With the recent news that legal sports betting won't come to Missouri in 2022, many officials have come out to express their frustration over a matter they consider a no-brainer. One of these officials includes Missouri state senator Holly Thompson-Rehder.
A known proponent of online sports betting in Missouri, Rehder called the decision to pass on two separate gambling initiatives in 2022"frustrating" and "ridiculous" while speaking with reporters. These sentiments align with what many others in the state are feeling—especially when they know legal sports betting is coming to the neighboring Kansas in time for the 2022 NFL season.
Given the most recent failure to pass a sports betting bill, the timeline for legalized gambling in Missouri has shifted to, in all likelihood, 2024. That will no doubt anger Rehder and many others, all of whom seem to be asking the same question: Why?
Why Missouri State Senator Supports Legal Sports Betting
Though many government officials have been outspoken on the subject of sports betting in Missouri, Rehder has perhaps expressed the strongest opinions on the matter.
"I support (sports betting) wholeheartedly," she said plainly. "We’re losing revenues to surrounding states [and] I think we need them in Missouri."
This is a common refrain from people who support legal sports betting. "It's already happening. We can't stop it. So why not capitalize on it?" That hypothetical dialogue might seem reductive, but it's actually spot-on. And it's also a fair stance to take.
Residents in Missouri are already betting on sports. Whether they're traveling across state lines to place wagers or signing up with one of the websites from our reviews of the top online sportsbooks, there are no shortage of alternatives. At this point, refusing to legalize sports gambling doesn't actually prevent anything. It merely changes the methods by which people place bets—all while costing the state money.
Projected Sports Betting Revenue in Missouri
For some, money isn't enough of a reason to legalize sports betting in Missouri. They are home to the United States' 19th largest population, as of the 2021 census. Surely a middle-of-the-road market size like this isn't losing out on that much cash, right?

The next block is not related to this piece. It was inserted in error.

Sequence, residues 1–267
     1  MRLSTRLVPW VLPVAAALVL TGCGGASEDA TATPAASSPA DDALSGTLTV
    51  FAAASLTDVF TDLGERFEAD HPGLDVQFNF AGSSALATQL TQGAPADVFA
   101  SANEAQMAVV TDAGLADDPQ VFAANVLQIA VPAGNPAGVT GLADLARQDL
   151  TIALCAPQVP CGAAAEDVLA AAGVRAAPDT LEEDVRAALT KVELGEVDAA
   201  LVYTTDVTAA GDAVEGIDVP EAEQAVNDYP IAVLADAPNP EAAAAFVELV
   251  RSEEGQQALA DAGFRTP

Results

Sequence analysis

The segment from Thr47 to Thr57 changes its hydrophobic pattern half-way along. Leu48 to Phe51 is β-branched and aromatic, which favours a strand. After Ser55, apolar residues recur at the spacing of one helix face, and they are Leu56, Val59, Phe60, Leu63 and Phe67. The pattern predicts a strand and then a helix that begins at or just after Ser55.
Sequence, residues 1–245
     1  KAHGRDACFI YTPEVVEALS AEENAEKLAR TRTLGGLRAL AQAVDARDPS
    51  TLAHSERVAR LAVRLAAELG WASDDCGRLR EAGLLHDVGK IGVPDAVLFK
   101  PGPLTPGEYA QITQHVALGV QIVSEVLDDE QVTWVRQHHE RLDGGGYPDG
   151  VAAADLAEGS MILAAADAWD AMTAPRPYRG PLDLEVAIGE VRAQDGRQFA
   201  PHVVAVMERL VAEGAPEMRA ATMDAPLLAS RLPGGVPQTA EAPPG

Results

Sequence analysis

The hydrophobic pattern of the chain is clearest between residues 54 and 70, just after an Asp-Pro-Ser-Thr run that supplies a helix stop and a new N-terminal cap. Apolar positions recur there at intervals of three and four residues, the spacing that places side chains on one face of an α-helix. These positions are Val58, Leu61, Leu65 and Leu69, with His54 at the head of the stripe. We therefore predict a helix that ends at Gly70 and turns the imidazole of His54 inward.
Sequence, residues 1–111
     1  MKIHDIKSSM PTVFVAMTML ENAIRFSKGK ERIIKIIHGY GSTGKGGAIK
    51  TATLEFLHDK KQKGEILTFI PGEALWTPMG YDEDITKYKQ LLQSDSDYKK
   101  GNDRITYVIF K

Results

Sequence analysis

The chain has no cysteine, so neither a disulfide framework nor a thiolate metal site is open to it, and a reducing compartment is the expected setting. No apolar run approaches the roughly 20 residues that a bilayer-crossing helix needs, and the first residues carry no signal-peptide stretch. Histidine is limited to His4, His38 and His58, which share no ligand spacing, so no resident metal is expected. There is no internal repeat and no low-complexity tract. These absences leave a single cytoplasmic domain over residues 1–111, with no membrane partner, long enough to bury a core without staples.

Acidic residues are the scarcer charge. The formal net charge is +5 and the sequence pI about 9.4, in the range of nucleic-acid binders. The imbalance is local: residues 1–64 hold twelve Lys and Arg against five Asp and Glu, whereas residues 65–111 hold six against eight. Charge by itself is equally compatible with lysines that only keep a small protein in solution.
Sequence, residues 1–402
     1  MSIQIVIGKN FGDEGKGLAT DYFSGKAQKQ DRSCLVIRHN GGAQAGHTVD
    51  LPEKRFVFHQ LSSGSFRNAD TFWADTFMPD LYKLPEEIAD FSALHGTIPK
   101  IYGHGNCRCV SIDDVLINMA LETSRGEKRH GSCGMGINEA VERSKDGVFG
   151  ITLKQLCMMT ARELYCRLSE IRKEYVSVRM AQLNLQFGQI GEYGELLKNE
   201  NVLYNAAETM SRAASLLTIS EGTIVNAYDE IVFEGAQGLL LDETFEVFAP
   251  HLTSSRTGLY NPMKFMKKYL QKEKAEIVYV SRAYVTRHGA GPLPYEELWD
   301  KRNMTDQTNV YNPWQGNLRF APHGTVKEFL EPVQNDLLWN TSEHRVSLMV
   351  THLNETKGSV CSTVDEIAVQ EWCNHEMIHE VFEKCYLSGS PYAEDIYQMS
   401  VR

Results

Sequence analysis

As Rehder alluded to in her comments, nothing could be further from the truth. Missouri may not be a massive market in terms of professional sports franchises, but they are a college football betting goldmine. Ditto for betting on college basketball. We also can't discount the interest their residents have in pro sports. Location is no longer as important to fandom, since the internet has made everything eminently accessible no matter where you live.
To that end, let's consider sports betting in Maryland. They have the 18th largest population in the United States, just a notch above the market size in Missouri. Since implementing sports betting in December 2021, they have taken in nearly $200 million in total wagers, according to multiple reports. And that's without even going through a full NFL regular season. By the time their one-year anniversary rolls around, most projections have them taking in over $1 billion in total bets.
It's not unreasonable to assume Missouri can sustain a similar volume of sports betting. And while that $1 billion figure isn't pure profit, when you take the actual revenue and assign the proposed tax rate in the Show Me State (around 8-plus percent), you're talking about millions of dollars in additional income each year.
Missouri State Senator Explains Why Sports Betting Failed in 2022
Knowing how much money Missouri stands to make, it's hard not to wonder why the state has (repeatedly) passed on the legalization of sports betting. The most recent refusal is more perplexing than any other instance because there seemed to be real momentum towards passing one of the bills through. Missouri government officials went back and forth on nuanced details, suggesting a willingness to compromise, only to see both initiatives fall flat before legislative sessions ended.
Plenty of attempts have been made to explain where it all went wrong. Missouri state senator Holly Thomas Rehder provided probably the most salient and succinct synopsis, telling reporters: "It got close, real close, this year. The Senate dilly-dallied around the whole session, tried to get a few things passed in the last week, but the bill didn’t get through...From what I saw, you had the casinos pushing back. People are territorial and I get it because nobody wants to lose money. They just couldn’t pull it off."
Ironically enough, the "territorial" aspect of legal sports betting is not unique to Missouri. Tribal-backed casinos have been fighting against commercial online sportsbooks in a bunch of states. They argue that larger companies like DraftKings, FanDuel, Caesars and BetMGM not only stand to eat up the lion's share of the sports betting business, but that the revenues they make will be funneled out of state, since they only operate in a physical capacity in certain locations.
This point is not unfounded, and it has held up legal sports betting across other states—most notably in Florida, where they actually rolled it out only to repeal it later. However, hope can potentially be seen in California. They will have two separate initiatives on the November 2022 ballot. One of them legalizes online gambling in addition to on-site betting but stipulates that each licensed digital sportsbook must partner with a tribal casino.
Could a similar setup convince Missouri state senators and other government officials to reconsider their stance on legal sports betting? We won't know the answer for over a year...at least.
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